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Messages - ArhiX

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This might fit better into "Adventures in writing" but here is my story:

- There is a contest for a children book.
- There is also a money prize for the winner
- I need money
- Started to write a story about some naughty mice and old rat with a good heart
- ...
- My real work in progress is an eldritch horror

I slowly begin to hate myself and if I actually win my speach will be:

"Thank you to this money for being my only motivation. Not worth it thought."

I have to say that I am a bad person and it was a Trap-Post. I 100% agree with mr. Xiagan and I am happy to actually see that you all are so like-minded.

Ok. But now I do have to explain myself, don't I?

This post was inspired by a number of articles about fantasy tropes and how overused some of them are, and how writers should change or right away stop using them. There are several tropes, that everyone seem to condemn.

The Chosen One, Medieval Europe, No Progress - these were among the most hated ones and I was actually sad reading about it. Most of the books with "The Chosen One" played this trope in so many surprising ways. Medieval Europe is what I read in 90% of books, and what I am going to write - why? Because we should write about what we know. For real - I am not going to study a history of China for the next five years, just to write about asian-inspired world, because Asia is totally not my thing and I need to do my chores and study for the next biotechnology exam and I have work tomorrow. I will leave it to someone who actually has any idea about Asia - or better - was born on this gigantic continent. Or has enough time to learn something about it - sadly I do not but I still want to write.

No progress? Well hello? Most fantasy books or series treat about 10-100 in-book-years. Not much changed from year 100 to 200 - am I right? Besides - If I was to make a choice between a book with guns and a book with swords... I will always take one with swords. And dragons. Sorry.

After reading mentioned articles I started to wonder. Books that I like have said tropes. Stories I would like to tell have them. So I am actually happy and in peace after seeing your responses and responses from past subjects.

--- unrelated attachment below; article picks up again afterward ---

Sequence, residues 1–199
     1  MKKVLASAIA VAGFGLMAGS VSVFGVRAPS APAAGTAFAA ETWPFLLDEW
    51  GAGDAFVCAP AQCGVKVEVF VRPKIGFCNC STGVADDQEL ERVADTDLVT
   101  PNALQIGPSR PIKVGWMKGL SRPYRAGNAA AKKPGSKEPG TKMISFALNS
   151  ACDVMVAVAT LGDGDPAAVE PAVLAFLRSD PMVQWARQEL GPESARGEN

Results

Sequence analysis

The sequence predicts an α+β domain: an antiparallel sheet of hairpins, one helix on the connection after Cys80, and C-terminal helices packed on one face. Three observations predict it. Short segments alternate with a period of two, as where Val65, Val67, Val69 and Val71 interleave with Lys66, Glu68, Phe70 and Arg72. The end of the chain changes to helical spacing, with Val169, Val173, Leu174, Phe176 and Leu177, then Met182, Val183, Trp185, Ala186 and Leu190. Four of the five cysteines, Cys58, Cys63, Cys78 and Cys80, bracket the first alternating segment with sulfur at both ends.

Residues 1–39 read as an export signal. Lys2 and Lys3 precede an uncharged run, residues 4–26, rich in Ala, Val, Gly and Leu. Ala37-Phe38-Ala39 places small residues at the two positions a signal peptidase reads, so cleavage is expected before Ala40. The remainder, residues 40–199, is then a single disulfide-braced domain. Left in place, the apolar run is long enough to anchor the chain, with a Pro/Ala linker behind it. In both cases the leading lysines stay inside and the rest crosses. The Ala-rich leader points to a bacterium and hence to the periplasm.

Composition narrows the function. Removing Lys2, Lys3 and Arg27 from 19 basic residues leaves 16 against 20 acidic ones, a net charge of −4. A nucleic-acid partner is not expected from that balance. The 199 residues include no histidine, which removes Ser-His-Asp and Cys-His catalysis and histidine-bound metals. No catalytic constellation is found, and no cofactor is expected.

We all know about some tropes that are common to fantasy genres. The chosen one and The Prophecy. Evil overlord of evil evilness and his Empire. McGuffin of Doom. World in Stagnation. Ect. Ect. Some are old. Some are new. We can not really get rid of them, because readers have certain expectations - people want and need Evil Overlords and Dragoning Dragons doing Dragon Stuff and without fantasy tropes, how can a story even call itself a fantasy?

I never liked a trio of "The prophecy", "The Chosen One" and "The Farmboy". I do not hate it but I often roll my eyes when I see all three of them at the back of the book cover. Usually books like this have a boy who dethrones a powerfull villain, and there is a prophecy about it. I Read it in a lot of books. Watched a lot of movies about it. Saw a bunch of anime.

I do not like it because usually we know something from the very beginning - the evil guy will fall and the boy will win. Also - they boy had little to no training, yet still was able to fight against powerfull, evil creatures - because you know - The Goofy Ride of Inexplicable is fueled by the finest Petroleum of Prophecy.
(Buy one today!)

I also grow constantly tired of "Hero Origin Story" or "From Zero to Hero". It is a result of modern day hero-movies. I saw so many spider bites, experiments and gamma blasts that it was refreshing to watch some "Blade" or "Van Helsing" movies, where Heroes are already grown up and kicking ass.

What I just love is "Power Gaming". Some of you propably know this term from RPG sessions that went overboard. You have seriously overpowered characters and fight against crazy powerfull enemies. So later books of Malazan were the definition of this for me, where we constantly had a god vs god vs god situation. When the story puts two characters against each other that I know are crazy strong I am in readers heaven.

So what are your favourite tropes? What are the tropes you hate the most? And are there tropes, that in your opinion are unfairly hated?

I do not know if I understood the question in a right manner.
The hardest characters for me to write about are the ones who are supposed to be SMARTER than I am and who can plot intrigues one after another. For some reason I cannot get into their heads. I can write monsters, dragons, very serious old and melancholic veterans... Yet political drama is waaaaay over my head.  :-X

Cover of the last book lured me to read Malazan. And English cover of "Dark Defiles" of "Land fit for heroes" makes me want to buy them in english version (cover from my country is really really bad).

Fantasy Book & Author Discussion / Re: Fantastic lines from books
« on: December 11, 2018, 07:38:42 PM »
From Gardens of the Moon:

“Tell me, Tool, what dominates your thoughts?'
The Imass shrugged before replying.
'I think of futility, Adjunct.'
'Do all Imass think about futility?'
'No. Few think at all.'
'Why is that?'
The Imass leaned his head to one side and regarded her.
'Because Adjunct, it is futile.”

Writers' Corner / Re: What do you call a group of dragons?
« on: December 05, 2018, 11:21:03 PM »
In medieval times in my country, a unit of cavalery was called a "banner". They would carry around one flag on a long pole to show the sign of their clan etc.